An analyst upgrade sent shares of Sprint-Nextel
What's going on here?
Piper Jaffray analyst Christopher Larsen wasn't actually that sweet on Sprint in his report -- the upgrade was from "sell" to "hold," and his target price remains below the current trading level. But regarding Clearwire, he noted that Sprint should be able to get out of that problematic holding "in a non-detrimental fashion." Specifically, Larsen isn't worried about a Clearwire bankruptcy dragging Sprint into financial trouble and believes that "the situation will be resolved."
If that's not a backhanded compliment, I don't know what is. Larsen isn't actually saying anything nice at all about Clearwire, other than that its problems shouldn't crush Sprint. That's kind of like saying that Blockbuster's bankruptcy shouldn't harm the movie studios -- not exactly words that would inspire you to run out and buy shares of your favorite media stock.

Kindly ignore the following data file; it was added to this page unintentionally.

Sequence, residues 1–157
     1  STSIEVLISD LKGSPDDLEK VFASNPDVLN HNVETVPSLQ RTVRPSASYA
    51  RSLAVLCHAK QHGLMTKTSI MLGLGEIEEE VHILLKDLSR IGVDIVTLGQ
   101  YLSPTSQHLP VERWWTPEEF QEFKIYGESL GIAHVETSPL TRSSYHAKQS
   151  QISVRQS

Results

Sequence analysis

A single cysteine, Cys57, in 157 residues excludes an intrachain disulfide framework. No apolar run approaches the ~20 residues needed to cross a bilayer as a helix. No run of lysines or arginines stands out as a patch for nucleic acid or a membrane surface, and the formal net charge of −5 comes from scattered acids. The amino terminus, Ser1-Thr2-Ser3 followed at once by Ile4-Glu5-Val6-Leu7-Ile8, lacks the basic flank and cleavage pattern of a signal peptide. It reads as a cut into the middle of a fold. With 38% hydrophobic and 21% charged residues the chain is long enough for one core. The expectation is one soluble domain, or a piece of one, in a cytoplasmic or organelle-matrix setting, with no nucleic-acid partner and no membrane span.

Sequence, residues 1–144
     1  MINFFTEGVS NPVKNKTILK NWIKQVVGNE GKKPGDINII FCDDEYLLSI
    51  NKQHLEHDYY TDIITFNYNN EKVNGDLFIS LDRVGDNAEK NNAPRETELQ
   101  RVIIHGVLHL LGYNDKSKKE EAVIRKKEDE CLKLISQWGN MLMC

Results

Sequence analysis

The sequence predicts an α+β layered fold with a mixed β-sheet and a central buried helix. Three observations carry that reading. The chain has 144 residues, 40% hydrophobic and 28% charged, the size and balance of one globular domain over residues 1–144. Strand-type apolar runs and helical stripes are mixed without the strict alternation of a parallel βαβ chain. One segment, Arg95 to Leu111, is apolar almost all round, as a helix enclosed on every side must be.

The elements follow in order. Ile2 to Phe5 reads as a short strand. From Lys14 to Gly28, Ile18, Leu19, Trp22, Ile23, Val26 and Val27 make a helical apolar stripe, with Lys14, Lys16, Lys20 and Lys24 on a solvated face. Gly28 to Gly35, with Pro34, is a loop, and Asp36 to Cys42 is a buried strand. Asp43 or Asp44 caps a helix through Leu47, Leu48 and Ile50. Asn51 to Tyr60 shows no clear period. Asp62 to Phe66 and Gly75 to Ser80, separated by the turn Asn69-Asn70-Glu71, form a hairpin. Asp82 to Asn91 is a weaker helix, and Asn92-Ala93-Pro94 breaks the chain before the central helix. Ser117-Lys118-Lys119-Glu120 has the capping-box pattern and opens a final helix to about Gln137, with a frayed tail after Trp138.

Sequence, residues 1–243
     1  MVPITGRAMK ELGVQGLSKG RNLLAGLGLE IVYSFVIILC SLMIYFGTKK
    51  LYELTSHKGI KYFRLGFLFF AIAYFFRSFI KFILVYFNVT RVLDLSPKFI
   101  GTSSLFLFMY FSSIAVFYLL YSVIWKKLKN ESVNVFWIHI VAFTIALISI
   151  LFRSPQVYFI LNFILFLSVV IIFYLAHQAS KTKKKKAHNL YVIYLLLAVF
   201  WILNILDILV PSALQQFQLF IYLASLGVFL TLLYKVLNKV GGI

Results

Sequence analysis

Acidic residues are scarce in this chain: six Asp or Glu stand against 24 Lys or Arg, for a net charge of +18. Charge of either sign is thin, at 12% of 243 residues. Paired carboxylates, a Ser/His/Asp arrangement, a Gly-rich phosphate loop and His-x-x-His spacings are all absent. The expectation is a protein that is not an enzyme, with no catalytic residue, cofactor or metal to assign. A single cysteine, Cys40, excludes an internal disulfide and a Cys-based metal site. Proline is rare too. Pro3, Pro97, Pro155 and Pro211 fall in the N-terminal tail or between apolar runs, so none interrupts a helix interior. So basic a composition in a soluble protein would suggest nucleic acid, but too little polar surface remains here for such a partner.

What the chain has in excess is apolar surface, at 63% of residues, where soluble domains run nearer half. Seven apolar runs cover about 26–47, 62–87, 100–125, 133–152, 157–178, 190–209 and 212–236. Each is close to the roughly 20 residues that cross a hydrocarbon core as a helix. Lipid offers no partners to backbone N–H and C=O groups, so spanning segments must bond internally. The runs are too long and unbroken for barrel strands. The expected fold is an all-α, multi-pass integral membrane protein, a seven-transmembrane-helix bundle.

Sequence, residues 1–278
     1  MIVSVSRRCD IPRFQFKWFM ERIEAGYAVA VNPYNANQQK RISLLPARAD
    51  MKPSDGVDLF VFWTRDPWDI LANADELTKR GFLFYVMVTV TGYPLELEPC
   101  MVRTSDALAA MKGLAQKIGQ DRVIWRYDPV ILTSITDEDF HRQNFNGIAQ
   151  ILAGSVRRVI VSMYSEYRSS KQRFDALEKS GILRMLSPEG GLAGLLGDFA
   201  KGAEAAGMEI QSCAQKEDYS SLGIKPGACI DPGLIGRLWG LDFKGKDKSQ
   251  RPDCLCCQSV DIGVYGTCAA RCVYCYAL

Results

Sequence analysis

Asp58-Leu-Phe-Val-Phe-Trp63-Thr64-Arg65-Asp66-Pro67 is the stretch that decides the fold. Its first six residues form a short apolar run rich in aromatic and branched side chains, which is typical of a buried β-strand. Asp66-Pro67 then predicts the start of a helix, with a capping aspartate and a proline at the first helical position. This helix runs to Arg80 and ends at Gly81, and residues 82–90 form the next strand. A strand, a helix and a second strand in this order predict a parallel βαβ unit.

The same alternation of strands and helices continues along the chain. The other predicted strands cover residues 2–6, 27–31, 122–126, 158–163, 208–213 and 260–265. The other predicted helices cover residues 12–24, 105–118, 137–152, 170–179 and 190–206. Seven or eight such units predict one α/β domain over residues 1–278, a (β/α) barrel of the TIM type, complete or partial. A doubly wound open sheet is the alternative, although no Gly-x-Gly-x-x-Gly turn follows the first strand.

It seems like investors are reading good news into this almost-an-upgrade where there is none, jumping to conclusions because they want so badly to believe that there's life left in Clearwire. But we're still talking about a company with severely negative gross margins and knee-deep in debt. Clearwire has failed to turn its temporary advantage of having the first quasi-4G network into cash results, and now AT&T
Sprint isn't the only company potentially damaged by a Clearwire implosion: Intel
There are plenty of reasons why 7.4% of Clearwire's shares are sold short, according to data provider Capital IQ. Clearwire is hanging by a thread and hoping for a miracle, and I'm only surprised the short positions aren't larger.
Add Clearwire to your Foolish watchlist to follow the company's probable descent.